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LINGUIST List 17.600

Thu Feb 23 2006

Sum: Filming in the Field

Editor for this issue: James Rider <riderlinguistlist.org>

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        1.    Jessica Boynton, Filming in the Field

Message 1: Filming in the Field
Date: 23-Feb-2006
From: Jessica Boynton <jessicalinguistlist.org>
Subject: Filming in the Field

Regarding query: http://linguistlist.org/issues/17/17-281.html#1

My deepest gratitude to those who responded to my query about filming in
the field: Olga Lovick, Daniel Everett, Brendan Costello, Thorsten Trippel,
Indrani Roy, Mike Cahill and Sebastian Nordhoff.

A semi-final draft of the E-MELD School of Best Practices page can be found at:


If you have any suggestions, please feel free to leave a comment on that
page so that future readers of it can benefit from your insights. What
follows is the current text of that page, which summarizes responses to the

Step one: Respect community preferences

When collecting video data in the field, it is vital to understand and
respect the preferences of your language consultants. Some may prefer to be
filmed indoors or outdoors, in seclusion or within the community. In many
cases, speakers are less comfortable around obtrusive gear.

It is also important to understand community reservations about the use of
video data. Some may be entertained by the idea of strangers watching a
videotape of them, others may be horrified by it. Your greatest concern
when collecting data is to respect the wishes of the community.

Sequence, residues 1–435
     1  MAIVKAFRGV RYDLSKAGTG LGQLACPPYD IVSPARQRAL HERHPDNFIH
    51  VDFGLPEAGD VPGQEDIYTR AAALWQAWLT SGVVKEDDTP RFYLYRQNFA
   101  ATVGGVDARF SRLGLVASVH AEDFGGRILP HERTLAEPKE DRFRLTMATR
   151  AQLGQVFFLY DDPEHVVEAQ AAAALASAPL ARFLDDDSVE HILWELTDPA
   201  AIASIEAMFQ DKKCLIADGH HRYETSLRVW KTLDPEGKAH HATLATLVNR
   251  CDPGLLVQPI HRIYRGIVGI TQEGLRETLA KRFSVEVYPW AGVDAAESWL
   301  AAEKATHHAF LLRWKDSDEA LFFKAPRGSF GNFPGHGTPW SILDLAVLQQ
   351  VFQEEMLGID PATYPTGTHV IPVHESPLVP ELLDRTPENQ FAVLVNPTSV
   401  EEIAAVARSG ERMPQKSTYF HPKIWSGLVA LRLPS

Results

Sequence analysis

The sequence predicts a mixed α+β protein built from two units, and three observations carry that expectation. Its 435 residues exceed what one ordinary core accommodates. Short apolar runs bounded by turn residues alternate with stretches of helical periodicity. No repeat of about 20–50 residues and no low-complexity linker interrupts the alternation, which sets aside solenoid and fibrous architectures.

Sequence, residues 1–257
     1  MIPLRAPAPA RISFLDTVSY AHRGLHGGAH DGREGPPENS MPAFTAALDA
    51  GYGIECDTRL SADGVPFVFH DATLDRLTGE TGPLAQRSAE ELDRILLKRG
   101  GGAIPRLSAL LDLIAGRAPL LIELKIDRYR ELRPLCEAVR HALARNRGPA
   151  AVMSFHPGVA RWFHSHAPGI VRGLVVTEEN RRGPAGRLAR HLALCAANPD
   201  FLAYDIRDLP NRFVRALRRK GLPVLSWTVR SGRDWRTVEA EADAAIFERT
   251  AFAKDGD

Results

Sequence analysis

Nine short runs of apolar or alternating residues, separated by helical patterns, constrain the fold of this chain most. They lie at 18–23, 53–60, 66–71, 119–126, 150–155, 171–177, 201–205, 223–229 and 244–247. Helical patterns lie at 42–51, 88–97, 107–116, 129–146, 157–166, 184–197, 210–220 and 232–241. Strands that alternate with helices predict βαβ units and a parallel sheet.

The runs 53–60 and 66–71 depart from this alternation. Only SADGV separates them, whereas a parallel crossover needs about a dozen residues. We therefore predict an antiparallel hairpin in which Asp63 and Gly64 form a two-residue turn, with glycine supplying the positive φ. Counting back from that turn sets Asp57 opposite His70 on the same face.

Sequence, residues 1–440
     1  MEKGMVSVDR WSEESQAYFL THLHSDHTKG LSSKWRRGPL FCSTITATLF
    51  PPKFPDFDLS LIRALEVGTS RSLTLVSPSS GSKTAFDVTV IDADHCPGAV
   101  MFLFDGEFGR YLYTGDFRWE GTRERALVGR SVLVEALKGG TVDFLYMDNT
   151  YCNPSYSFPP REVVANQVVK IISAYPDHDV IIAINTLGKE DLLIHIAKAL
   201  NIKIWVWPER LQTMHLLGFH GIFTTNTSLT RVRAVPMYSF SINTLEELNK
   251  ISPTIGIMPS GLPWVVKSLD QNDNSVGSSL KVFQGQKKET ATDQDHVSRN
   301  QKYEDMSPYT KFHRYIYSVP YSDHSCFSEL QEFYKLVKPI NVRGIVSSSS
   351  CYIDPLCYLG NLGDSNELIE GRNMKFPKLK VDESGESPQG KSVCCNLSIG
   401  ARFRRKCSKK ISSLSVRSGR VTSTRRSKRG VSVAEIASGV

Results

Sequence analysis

Step two: Find a filming space

When searching for a filming space, it is important to find an area with
good light, little noise, and enough space for filming. It is important to
face your language consultant while they are speaking, or arrange for
another speaker to interact with them. This ensures more naturalistic data,
but also requires that the recording space be large enough for at least two
people and the filming equipment.

If you're in a small room, you can either use a wideangle lens or sit at
the opposite end of the room with a camera sitting on your lap, adjusting
the camera so that you can easily glance at the view screen while
interacting with your language consultant. If neither of these options are
available in your situation, you must find another location for collecting
useful video data.

Step three: Work with what light and electricity is available

Situations in the field vary greatly. You may be in a community where many
or all buildings have 24-hour electricity and lighting. You may be in a
community where there is no electricity and you must rely on natural
lighting. The full spectrum of possibilities is open; you must make do with
the resources that are available to you.

If you have easy access to electricity and artificial light, you'll have
few constraints on your filming opportunities. You'll likely be able to
film whenever if convenient for your language consultant, plug the camera
into the wall and recharge your camera's batteries as necessary.

However, if you do not have such access, you'll have to plan on recharging
the batteries whenever you have access to electricity and taking extra
batteries. Also, if you don't have access to artificial lighting, your
filming hours may be restricted to daylight hours. Finding locations that
allow enough natural light can be problematic - it's helpful to tour
available locations with your equipment and test to see which offers the
best light, then stick to that location if at all possible.